Ds1 saw an occupational therapist and she gave us some hand exercises to strengthen his grip, he was also given a special pencil grip to use at school as well as a writing slope. He also has touch typing lessons at school
The occupational therapist told the school that for each piece of work they had to decide if they were looking for the content of the work or the quality of the writing as ds was unable to provide both at the same time. Once he started doing some assignments on the computer he came out with brilliant funny stories that had all the staff in stitches!

Lovage Thu 22-Jan-15 09:25:20

Thanks all, some really useful suggestions.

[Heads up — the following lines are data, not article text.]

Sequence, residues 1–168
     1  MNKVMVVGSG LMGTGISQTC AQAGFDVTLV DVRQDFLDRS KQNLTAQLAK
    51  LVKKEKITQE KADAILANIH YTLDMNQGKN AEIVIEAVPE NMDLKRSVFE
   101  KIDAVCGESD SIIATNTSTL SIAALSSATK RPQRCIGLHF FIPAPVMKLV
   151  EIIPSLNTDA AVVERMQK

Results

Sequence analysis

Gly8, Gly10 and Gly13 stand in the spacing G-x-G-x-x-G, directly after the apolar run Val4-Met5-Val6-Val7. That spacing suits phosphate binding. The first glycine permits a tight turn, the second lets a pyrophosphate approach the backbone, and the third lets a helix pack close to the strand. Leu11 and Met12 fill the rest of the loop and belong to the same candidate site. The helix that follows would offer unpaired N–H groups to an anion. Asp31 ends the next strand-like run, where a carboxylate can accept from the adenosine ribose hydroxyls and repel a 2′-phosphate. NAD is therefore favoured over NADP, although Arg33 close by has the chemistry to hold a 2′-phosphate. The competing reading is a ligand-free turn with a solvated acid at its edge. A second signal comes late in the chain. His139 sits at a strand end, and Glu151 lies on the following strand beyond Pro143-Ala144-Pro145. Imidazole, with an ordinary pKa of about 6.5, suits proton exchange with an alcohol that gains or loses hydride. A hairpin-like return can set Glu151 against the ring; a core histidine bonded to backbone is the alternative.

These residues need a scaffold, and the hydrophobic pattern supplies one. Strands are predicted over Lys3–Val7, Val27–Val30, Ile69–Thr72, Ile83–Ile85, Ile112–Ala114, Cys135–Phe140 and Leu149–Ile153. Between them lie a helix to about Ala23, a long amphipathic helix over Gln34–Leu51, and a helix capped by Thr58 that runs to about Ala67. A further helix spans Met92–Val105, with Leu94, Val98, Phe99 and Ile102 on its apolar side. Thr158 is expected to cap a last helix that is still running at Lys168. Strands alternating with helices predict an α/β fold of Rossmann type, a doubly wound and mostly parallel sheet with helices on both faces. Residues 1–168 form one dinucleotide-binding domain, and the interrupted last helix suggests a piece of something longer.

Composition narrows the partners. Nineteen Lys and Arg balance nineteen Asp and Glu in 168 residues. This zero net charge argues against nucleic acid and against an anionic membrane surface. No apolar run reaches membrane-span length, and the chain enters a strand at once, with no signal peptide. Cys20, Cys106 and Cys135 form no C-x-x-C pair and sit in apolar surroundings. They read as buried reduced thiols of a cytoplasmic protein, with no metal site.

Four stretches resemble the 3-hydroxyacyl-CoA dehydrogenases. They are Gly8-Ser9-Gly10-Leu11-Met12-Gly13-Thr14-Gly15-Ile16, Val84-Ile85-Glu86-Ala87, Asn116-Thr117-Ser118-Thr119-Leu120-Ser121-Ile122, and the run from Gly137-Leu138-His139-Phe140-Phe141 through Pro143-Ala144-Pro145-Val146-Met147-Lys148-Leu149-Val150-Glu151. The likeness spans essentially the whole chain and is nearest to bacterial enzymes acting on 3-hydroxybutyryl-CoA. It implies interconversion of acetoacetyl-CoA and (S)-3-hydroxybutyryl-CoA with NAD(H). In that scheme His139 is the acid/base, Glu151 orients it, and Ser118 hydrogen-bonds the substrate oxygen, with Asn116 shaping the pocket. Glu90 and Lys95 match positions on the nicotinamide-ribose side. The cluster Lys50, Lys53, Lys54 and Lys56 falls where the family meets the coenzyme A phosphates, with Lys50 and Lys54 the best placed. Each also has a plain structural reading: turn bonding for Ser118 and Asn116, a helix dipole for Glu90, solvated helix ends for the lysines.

It does seem a bit stupid that in this day and age handwriting is still so important - I never handwrite anything these days except shopping lists and the odd note. But with the way education is going, with less course work and more exams, handwriting seems to be even more important. I don't think DS has enough trouble that he would qualify for doing exams on a computer instead of handwriting, although I guess that's something to bear in mind later if it does continue to be a problem and/or gets worse.